Cop’s Defense For Standing On Hood Of Car And Shooting Two People To Death: I Don’t Remember

The trial for an officer involved in a 2012 police shooting that left two unarmed suspects dead is finally underway, and his defense couldn’t be more bizarre: He can’t be held responsible for his actions because he can’t remember them. How convenient.

Officer Michael Brelo of Cleveland’s police department has been charged with two counts of voluntary manslaughter. He is hoping to avoid punishment by proving to the court that he was so scared that he wasn’t responsible for his actions. A judge might find that defense hard to believe, because the officer’s actions on that day were so ludicrous that nobody else who witnessed them seems to have any trouble recalling what happened.

According to reports, a traffic stop led to a high speed chase when suspects Timothy Russell and Malissa Williams fled from the scene. Making matters worse, their car backfired, which gave officers the false impression that they had fired a gun. In fact, both were unarmed. After the situation escalated into a chase involving 60 police cruisers and over one hundred officers, the pair were pinned into a school parking lot. Their car disabled, it looked as if things were coming to an end. Instead, an unidentified officer began firing at the car, leading to a cascade of fellow cops joining in.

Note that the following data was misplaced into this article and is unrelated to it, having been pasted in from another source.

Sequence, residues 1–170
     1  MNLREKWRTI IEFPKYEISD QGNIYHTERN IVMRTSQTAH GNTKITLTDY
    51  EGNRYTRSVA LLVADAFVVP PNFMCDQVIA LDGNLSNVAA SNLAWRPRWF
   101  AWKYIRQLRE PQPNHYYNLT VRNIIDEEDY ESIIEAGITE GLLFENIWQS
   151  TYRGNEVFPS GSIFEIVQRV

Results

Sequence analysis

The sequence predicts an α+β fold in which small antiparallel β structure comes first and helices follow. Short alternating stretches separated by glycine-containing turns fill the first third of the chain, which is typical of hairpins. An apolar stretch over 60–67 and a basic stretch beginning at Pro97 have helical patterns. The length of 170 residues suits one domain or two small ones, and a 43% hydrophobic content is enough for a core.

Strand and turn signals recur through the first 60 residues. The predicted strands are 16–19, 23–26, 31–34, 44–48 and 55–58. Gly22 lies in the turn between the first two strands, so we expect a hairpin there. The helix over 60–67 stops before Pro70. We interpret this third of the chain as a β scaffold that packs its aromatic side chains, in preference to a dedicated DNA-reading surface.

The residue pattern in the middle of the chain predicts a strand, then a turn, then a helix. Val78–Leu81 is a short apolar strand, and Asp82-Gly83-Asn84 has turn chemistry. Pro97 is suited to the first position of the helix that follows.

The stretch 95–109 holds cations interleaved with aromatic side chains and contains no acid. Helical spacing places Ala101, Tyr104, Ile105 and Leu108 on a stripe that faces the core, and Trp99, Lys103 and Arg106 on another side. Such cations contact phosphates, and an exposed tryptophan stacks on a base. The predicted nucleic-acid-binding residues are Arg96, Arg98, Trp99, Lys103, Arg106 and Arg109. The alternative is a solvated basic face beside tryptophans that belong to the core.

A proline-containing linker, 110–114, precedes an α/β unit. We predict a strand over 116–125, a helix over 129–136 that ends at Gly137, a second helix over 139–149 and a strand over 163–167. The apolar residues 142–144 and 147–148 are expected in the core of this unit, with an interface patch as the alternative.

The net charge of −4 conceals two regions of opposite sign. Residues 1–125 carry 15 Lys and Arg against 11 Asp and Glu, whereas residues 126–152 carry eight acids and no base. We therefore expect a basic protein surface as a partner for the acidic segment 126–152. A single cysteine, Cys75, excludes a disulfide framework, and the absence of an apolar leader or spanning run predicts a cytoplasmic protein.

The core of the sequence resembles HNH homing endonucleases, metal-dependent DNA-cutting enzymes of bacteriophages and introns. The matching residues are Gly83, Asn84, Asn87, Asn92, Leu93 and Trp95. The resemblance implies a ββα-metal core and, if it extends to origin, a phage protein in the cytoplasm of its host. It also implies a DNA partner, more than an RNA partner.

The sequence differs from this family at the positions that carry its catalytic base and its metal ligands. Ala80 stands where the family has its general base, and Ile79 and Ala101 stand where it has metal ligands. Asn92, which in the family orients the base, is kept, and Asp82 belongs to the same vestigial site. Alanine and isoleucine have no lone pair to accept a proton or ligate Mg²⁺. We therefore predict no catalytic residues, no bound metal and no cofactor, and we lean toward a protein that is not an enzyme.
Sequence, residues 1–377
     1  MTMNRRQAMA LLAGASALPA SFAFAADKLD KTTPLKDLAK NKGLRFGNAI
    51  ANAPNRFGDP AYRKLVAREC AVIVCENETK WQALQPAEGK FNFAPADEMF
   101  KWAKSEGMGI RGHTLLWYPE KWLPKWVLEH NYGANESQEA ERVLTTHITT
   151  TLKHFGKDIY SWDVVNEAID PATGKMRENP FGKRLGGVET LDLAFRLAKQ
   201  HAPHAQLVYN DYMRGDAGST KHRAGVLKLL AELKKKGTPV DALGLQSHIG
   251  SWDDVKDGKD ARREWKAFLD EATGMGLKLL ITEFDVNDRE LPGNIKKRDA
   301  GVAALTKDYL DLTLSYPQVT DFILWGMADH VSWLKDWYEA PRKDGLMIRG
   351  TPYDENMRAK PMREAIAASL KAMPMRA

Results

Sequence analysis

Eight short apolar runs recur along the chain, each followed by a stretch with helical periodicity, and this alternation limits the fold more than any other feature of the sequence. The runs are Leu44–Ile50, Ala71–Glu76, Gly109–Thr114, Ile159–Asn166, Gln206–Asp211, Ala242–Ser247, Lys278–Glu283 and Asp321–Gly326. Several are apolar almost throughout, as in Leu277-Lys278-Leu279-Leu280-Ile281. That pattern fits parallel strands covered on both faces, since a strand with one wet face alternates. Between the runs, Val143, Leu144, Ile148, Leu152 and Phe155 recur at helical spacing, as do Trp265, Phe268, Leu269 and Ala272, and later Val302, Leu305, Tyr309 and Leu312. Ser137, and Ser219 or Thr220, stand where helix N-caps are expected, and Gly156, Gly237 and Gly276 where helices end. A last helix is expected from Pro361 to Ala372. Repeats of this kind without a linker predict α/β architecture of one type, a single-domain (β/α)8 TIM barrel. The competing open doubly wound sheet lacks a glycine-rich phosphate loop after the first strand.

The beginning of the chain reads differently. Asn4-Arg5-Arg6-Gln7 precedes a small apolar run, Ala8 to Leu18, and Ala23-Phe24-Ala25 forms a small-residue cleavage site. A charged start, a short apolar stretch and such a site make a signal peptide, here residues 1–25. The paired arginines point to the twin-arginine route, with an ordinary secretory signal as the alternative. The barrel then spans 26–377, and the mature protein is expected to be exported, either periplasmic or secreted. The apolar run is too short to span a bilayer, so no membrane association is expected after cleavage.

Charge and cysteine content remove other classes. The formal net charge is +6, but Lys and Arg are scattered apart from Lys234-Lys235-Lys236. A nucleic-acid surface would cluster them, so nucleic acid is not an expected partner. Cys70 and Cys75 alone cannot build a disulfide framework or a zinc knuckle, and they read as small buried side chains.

It gets worse.

By all accounts (with the notable exception of Brelo’s), what happened next was not standard procedure, and most definitely unwarranted. After the group of officers came to their senses and stopped firing (again, no shots were fired back at them, the pair were unarmed), officers watched in disbelief as Officer Brelo jumped onto the hood of the suspect’s car and began firing pointblank into the windshield. The two inside were killed in the hail of bullets that Brelo took upon himself to fire.

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In all, the group of police fired nearly 100 rounds that struck the car, and Russell and Williams were each struck by upwards of 20 bullets. Brelo is the only one to be charged, however, because in the early chaos of the chase, officers say they had reason to believe their lives were in danger. When Brelo jumped on the hood of the car and decided – unilaterally – to execute the people within, the danger was clearly over. Russell and Williams should have, at that point, been receiving medical attention, not additional gunshots.

Brelo now claims he doesn’t remember jumping on the hood (witnesses and forensics proves he did), but admits “it’s possible.”

According to Cleveland’s fox affiliate:

“It’s possible,” Brelo allowed when questioned by investigators two weeks after the November 2012 shooting, “because I was so terrified that I was going to get run over.”

“But I don’t recall that, sir.”

It’s more than possible, and it’s likely that Brelo knows that, too. According to another officer, Brelo openly admitted that he had jumped on the hood and opened fire days after the shooting. If he could remember it a few days later, it’s hard to believe that kind of thing wouldn’t stick with him for the rest of his life.

Brelo is facing 25 years in prison if convicted. The Cleveland Police Department, meanwhile, has done little to ensure this sort of “accident” doesn’t happen again. The same department would see several of their officers shoot and kill a child holding a toy gun just two years later. Unlike Brelo, neither of the officers involved will face charges.

Feature image via Office of the Ohio Attorney General